A total of 3–6% of patients with TOF have APVS. The massive dilatation of the pulmonary artery is associated with compression of the bronchial tree and the development of bronchomalacia, which explains the associated respiratory symptoms of this condition. The highly pulsatile flow through the pulmonary arteries may result in aneurysmal dilation. Patients with TOF-APVS can be divided into two groups. The first group presents in the neonatal period with respiratory distress, which is attributed to compression of the tracheobronchial tree by the aneurysmal pulmonary arteries. These patients require early surgery to avoid morbidity and death from respiratory distress and heart failure. The second group of patients are less symptomatic in infancy and may be identified later in life with symptoms of congestive heart failure or classic TOF cyanotic spells. These patients can be managed similar to other patients with TOF and can undergo elective repair.
APV leaflets and anomalous origin of a pulmonary artery from the ascending aorta have been reported as separate lesions associated with TOF but not in combination.
Pulmonary artery arising from the aorta was first described by Fraentzel in 1868, and since then, approximately, 131 cases have been reported.
Normally, in TOF, the lung pressure is low. The anomalous origin of the pulmonary artery from aorta results in severe pulmonary artery hypertension in the concerned lung and requires early surgery to avoid pulmonary vascular disease. In our case, the associated right pulmonary artery arising from the ascending aorta was missed at the initial stage resulting in delayed accurate management.
Anomalous right or left pulmonary artery arising from the aorta are relatively rare congenital heart disease entities. There are several reports, mostly describing anomalous right pulmonary artery arising from the posterior aspect of the ascending aorta. The clinical presentation is in early childhood with congestive cardiac failure and with the onset of early pulmonary hypertension. In some cases, there is an absence of cardiac failure or a very short period of failure followed by the development of pulmonary vascular disease.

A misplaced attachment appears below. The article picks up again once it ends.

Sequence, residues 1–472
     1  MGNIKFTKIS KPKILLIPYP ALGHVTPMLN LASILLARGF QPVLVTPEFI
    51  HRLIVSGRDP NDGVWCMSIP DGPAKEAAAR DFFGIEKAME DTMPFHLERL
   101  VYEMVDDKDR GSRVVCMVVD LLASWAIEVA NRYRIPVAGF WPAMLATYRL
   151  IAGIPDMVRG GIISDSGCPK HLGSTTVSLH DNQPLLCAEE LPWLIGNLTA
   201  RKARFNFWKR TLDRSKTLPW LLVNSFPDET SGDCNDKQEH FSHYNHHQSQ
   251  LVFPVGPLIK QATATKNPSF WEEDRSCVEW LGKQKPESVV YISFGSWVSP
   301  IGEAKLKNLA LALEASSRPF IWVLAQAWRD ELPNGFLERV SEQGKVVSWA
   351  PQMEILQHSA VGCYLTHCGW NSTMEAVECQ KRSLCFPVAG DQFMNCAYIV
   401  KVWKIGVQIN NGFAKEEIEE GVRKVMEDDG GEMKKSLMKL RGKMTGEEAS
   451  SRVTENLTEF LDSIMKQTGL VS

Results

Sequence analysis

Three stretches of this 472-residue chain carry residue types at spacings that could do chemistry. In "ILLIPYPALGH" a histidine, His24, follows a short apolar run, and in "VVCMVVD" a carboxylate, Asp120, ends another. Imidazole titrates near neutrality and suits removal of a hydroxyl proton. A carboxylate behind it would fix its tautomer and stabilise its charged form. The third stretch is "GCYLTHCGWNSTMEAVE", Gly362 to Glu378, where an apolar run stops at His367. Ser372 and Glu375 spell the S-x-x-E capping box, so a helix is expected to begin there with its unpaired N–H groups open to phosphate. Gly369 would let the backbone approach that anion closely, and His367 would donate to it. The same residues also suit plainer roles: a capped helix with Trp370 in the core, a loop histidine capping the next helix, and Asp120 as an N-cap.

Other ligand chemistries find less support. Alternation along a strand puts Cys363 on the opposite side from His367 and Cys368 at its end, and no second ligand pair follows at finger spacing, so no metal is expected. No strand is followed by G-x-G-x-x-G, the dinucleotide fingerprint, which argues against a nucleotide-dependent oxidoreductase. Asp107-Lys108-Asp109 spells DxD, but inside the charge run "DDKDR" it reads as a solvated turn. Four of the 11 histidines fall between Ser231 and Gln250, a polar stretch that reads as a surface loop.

This rare disease occurs because of failure of migration of the embryonic branch pulmonary artery to reach the pulmonary trunk end of the truncoaortic sac before septation occurs. Associated anomalies with an anomalous right pulmonary artery include patent ductus arteriosus (PDA), interrupted aortic arch (IAA), aortopulmonary window (AP window). TOF tends to be associated with a left anomalous pulmonary artery arising from the aorta. The origin of the pulmonary artery from the ascending aorta is responsible for a great left-to-right shunt at the systemic pulmonary level.
Pulmonary hypertension has been described as starting early in most of the cases reported, and intervention is mainly carried out in infancy, although there are rare cases of nonoperated survivors in adulthood with apparently normal pressures in the lungs.
If radiographic study shows a disproportionate or unilateral increase in pulmonary vasculature, this condition should be considered. If patent ductus arteriosus are present, a difference in color and clubbing in the arms might be evident.
The diagnosis may be established on suprasternal views of two-dimensional echocardiography  when a vessel originates posteriorly from the ascending aorta. In these cases, the possibilities of aortopulmonary window and truncus arteriosus should be ruled out. Thus, lack of normal bifurcation of the pulmonary trunk is required. In situ ations where the anomalous pulmonary artery originates from the lateral face of the ascending aorta, the subcostal views allow the diagnosis to be made very safely.
Angiocardiography is of prime importance and the only certain method of delineating the anomaly. Various types of surgical techniques are employed for repairing the anomalous pulmonary arteries, with the most frequently employed being direct anastomosis. Alternative techniques include end-to-end anastomosis with a synthetic graft, interposition with a homograft patch, aortic flap, etc., The results in the neonatal period have been promising, however due to the rarity of this lesion, it is difficult to predict the optimal timing or the best repair technique.
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Conflicts of interest
There are no conflicts of interest.
| References|| |
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[Figure 1], [Figure 2], [Figure 3]